Nat Taylor has a recent post in his Genealogist’s Sketchbook, talking about the historian’s right, or not, to make a moral judgement of the period we study. Are our standards applicable to the age so long gone, when religion and fear were so much more immediate (at least, now the Cold War is over and we’ve all learned to stop worrying and love the bomb…)? Or should we just withhold judgement on things like pogroms, Crusades, witch-hunting (not really medieval that one, of course, but you know what I mean) and so on that unfortunately still sing with contemporary relevance? Can we afford not to take a moral stand, when others are using those precedents to justify continuing, or at least excuse, such atrocities? Aren’t we supposed to be the voice of truth?
Well, I’ve argued elsewhere that it’s our business to confront the messiness of the past in whatever level of detail is necessary, and that because objectivity is impossible given how messy our own perspectives are, the best we can do is consciously try to separate what the evidence says from an acknowledgement of our own stance on the issue. That is to say, we must judge, because we are doing so already whether we like it or not. So we must make our perspective obvious, and say things like, “I personally find this distasteful but it clearly happened” rather than idealising or hiding the bad bits. Sorry, Bede, I realise you wouldn’t agree, but I think that’s what we need to do.
That said, I’m not sure Nat has lighted on the best example of necessary judgement. He is talking of teaching the Crusades, and reports setting the question, “Why did the First Crusade succeed, and why should it not have?” His point is the rarity of moralising answers to this question, but his comment on one that he did get causes my antennae to twitch. He reports:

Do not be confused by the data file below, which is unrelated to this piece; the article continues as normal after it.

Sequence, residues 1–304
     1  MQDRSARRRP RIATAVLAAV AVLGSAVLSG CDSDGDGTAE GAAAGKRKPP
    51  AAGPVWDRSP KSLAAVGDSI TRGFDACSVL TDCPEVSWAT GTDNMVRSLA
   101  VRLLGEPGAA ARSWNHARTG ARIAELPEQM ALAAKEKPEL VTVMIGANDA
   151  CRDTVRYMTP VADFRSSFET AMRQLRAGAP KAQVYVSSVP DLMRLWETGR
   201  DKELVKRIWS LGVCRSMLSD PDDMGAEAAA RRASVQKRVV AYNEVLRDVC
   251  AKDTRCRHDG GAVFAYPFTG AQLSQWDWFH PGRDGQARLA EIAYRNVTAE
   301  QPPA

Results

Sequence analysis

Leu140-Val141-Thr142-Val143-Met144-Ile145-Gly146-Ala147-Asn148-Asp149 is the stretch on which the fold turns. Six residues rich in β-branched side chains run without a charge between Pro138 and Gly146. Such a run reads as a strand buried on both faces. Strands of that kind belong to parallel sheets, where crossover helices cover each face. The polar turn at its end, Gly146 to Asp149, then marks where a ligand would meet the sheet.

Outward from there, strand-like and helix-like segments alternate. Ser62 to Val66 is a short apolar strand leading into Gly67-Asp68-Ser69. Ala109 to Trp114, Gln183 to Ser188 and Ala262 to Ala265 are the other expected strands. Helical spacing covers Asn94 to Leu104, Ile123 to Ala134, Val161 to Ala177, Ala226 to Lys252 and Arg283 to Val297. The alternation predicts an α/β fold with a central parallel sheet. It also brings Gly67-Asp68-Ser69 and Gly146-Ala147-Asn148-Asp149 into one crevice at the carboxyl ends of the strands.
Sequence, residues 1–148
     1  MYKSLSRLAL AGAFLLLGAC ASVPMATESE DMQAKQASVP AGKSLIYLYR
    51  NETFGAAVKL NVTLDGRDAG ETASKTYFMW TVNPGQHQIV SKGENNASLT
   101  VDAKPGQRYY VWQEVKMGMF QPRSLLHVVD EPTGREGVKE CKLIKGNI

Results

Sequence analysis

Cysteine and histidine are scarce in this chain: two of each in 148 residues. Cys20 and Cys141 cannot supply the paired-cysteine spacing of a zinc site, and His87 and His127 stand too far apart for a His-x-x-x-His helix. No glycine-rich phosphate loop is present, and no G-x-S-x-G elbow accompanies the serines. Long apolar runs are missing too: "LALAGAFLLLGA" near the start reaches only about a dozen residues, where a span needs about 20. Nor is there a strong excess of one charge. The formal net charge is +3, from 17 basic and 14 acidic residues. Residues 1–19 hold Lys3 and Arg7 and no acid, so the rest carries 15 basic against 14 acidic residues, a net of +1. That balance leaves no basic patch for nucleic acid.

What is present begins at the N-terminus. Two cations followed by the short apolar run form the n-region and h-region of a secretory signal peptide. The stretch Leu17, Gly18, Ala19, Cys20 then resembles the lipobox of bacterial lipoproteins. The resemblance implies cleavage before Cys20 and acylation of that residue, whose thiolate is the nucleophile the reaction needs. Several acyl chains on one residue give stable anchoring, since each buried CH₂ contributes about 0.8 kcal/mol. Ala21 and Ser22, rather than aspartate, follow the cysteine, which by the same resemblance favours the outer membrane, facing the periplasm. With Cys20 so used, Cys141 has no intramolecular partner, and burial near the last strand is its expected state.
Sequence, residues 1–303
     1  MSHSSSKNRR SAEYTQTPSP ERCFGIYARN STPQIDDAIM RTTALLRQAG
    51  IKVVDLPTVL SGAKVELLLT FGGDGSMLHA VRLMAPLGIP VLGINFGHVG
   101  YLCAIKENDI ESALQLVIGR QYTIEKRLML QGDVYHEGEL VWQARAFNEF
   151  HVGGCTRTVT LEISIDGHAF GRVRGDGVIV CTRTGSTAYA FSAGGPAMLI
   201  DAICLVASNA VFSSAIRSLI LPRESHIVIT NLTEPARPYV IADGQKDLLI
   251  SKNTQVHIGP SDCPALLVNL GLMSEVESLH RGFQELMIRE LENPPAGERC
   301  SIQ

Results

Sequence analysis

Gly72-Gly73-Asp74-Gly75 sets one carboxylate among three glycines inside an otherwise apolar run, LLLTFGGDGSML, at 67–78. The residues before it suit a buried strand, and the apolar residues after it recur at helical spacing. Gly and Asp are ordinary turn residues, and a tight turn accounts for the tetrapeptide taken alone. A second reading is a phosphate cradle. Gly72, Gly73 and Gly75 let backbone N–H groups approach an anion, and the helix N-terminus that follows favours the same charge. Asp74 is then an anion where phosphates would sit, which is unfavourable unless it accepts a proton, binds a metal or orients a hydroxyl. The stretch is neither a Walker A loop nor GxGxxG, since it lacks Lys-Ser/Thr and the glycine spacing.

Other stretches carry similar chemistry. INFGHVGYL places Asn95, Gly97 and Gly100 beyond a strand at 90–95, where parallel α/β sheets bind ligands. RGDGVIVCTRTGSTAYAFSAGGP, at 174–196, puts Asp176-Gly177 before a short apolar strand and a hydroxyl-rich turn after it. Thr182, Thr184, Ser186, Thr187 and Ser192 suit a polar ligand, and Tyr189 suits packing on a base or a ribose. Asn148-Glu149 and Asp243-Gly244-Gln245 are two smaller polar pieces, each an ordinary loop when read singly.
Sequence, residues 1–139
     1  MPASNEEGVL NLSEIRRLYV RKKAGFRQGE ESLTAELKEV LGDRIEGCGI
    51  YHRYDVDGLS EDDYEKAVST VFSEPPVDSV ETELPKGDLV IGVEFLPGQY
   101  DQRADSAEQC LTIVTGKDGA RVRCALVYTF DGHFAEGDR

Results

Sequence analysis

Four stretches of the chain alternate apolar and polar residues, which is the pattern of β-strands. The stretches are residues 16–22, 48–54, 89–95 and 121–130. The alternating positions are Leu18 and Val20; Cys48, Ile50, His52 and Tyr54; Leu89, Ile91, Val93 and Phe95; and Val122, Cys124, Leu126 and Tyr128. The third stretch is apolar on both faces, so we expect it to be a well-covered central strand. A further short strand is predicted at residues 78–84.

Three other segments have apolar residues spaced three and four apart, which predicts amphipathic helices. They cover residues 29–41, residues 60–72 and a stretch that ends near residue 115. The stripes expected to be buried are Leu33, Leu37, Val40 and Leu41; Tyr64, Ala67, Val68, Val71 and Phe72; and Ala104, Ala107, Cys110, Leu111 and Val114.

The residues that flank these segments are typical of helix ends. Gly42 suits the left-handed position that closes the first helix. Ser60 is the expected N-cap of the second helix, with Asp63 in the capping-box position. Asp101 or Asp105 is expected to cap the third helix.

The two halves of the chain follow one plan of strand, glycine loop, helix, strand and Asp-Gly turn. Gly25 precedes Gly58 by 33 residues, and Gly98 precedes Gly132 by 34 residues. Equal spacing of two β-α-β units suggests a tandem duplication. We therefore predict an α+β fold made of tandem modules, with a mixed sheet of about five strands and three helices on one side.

One student wrote: ”It should not have succeeded because it was ill-conceived, disorganized, and motivated in large degree by chauvanism, xenophobia, and greed.” In fact, an army largely motivated by those things should succeed quite well, I think: no troublesome scruples or complex perspectives to slow them up.
Well, if you look to the top right of this browser window or tab, you’ll see a link called “Crusader Motives”, whereat lies a full-blown scholarly paper which addresses the question of where this, what I call the ‘we’re only it for the money’ argument about why people went on Crusade, belongs in the historiography. That in fact has been the question that’s brought the most hits to this blog ever since I put that page up. Because, you may not realise, the money motive has been more or less dumped from the scholarly picture in the last twenty years, largely under the influence of Jonathan Riley-Smith and his school, who have brought out all kinds of spiritual motives, love of oppressed brothers, the honest desire to save one’s soul by a supreme sacrifice in the name of the Lord, or a lord, or the two together in a powerful feudal-religious complex, devotion to Saint Peter, I mean you name it, anything more moral than simply getting rich quick. And as I discuss there, one of the planks of the Riley-Smith argument is that getting rich on Crusade was tricky because it was really very expensive to go and the evidence for returns is pretty discouraging. My stance is that actually, people still did hope they might get rich, and indeed preachers told them they might, but obviously the plethora of other reasons to go made things easier, and they certainly didn’t think in only that way. So I think Dr Taylor’s student may need to read, well, me…